Though the company's voice over Internet phone service did receive positive reviews in three big papers Thursday, the announcement didn't much excite investors. eBay's shares rose 53 cents to $45.34.
During a presentation at a Credit Suisse First Boston Conference, CEO Meg Whitman reiterated her position that acquiring Skype will help eBay expand into businesses not necessarily tied to its auction site and boost existing services such as PayPal.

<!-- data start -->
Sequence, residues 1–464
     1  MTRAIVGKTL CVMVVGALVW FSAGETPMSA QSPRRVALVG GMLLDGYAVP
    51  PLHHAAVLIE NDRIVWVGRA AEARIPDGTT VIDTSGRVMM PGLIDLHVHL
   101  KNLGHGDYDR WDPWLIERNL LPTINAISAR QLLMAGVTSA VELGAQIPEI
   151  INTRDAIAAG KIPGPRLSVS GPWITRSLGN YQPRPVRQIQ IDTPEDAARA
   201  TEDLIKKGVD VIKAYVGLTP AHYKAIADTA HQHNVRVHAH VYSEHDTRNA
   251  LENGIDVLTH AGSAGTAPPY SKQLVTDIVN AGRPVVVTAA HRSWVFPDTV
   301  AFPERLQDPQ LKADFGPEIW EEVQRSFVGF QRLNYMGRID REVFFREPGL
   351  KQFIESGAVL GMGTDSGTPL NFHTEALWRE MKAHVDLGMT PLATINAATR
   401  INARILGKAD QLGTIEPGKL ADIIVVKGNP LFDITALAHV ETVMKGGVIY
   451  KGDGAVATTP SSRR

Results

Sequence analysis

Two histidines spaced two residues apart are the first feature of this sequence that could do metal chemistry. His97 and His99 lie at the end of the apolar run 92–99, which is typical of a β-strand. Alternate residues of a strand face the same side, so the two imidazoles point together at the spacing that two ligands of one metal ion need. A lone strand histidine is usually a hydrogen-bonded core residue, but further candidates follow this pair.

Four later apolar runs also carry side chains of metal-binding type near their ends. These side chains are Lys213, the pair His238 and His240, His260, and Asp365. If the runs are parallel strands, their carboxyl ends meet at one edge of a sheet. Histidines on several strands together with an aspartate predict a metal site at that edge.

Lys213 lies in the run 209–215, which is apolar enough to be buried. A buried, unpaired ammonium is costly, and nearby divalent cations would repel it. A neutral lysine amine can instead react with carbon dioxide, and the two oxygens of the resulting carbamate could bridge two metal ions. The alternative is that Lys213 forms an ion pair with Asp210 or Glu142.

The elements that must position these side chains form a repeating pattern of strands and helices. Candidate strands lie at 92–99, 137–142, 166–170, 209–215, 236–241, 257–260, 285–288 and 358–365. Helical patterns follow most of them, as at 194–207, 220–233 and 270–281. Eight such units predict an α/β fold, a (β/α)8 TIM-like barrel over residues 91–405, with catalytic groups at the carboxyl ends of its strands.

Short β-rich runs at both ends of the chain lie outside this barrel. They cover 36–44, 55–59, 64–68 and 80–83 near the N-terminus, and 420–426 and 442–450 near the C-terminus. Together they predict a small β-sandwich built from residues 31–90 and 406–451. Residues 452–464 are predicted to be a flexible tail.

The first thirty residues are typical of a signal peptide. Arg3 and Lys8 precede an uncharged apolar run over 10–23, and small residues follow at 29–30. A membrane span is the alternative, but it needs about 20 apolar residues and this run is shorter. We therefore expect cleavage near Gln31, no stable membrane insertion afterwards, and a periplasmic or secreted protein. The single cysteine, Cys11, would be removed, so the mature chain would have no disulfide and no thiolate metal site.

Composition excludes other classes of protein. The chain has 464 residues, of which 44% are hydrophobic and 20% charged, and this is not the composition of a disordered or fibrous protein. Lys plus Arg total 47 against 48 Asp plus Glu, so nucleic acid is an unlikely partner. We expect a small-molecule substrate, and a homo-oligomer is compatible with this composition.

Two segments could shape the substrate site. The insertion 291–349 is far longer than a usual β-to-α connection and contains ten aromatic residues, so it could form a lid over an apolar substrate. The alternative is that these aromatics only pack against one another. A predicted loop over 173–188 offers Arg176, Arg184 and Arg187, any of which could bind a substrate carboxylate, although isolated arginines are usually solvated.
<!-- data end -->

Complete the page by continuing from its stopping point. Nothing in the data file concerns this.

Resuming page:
With users in 225 countries and territories, Skype has developed a loyal following with very little advertising. Skype claims that its service is the fastest-growing communications application, adding more than 150,000 users per day. It has been downloaded more than 212 million times, according to Skype's Web site. Skype's basic service is available for free.Though Microsoft (MSFT - Get Report) and Yahoo! (YHOO - Get Report) also offer video chat services, technology columnists said they were impressed by Skype's offering. "This may be the long-awaited application that brings video telephony to the masses, especially now that webcams can be bought for as little as $30," wrote David Culker of the Los Angeles Times. But for investors to show enthusiasm for the service, eBay will have to demonstrate how the deal helps its bottom line. Shares of the online giant have slumped this year as rivals such as Yahoo! and Google (GOOG) have soared amid investor concerns about the Skype acquisition and eBay growth rates. Some investors have said the $2.5 billion-plus price tag for Sykpe was too rich. eBay expects the Skype deal to shave a penny from fourth-quarter earnings on a pro-forma basis, and to trim 4 cents on a GAAP basis. For the full year 2006, the transaction is expected to dilute pro forma and GAAP earnings per share by 4 cents and 12 cents, respectively, eBay has said. Skype's acquisition will be break even on a pro forma basis in the fourth quarter of 2006.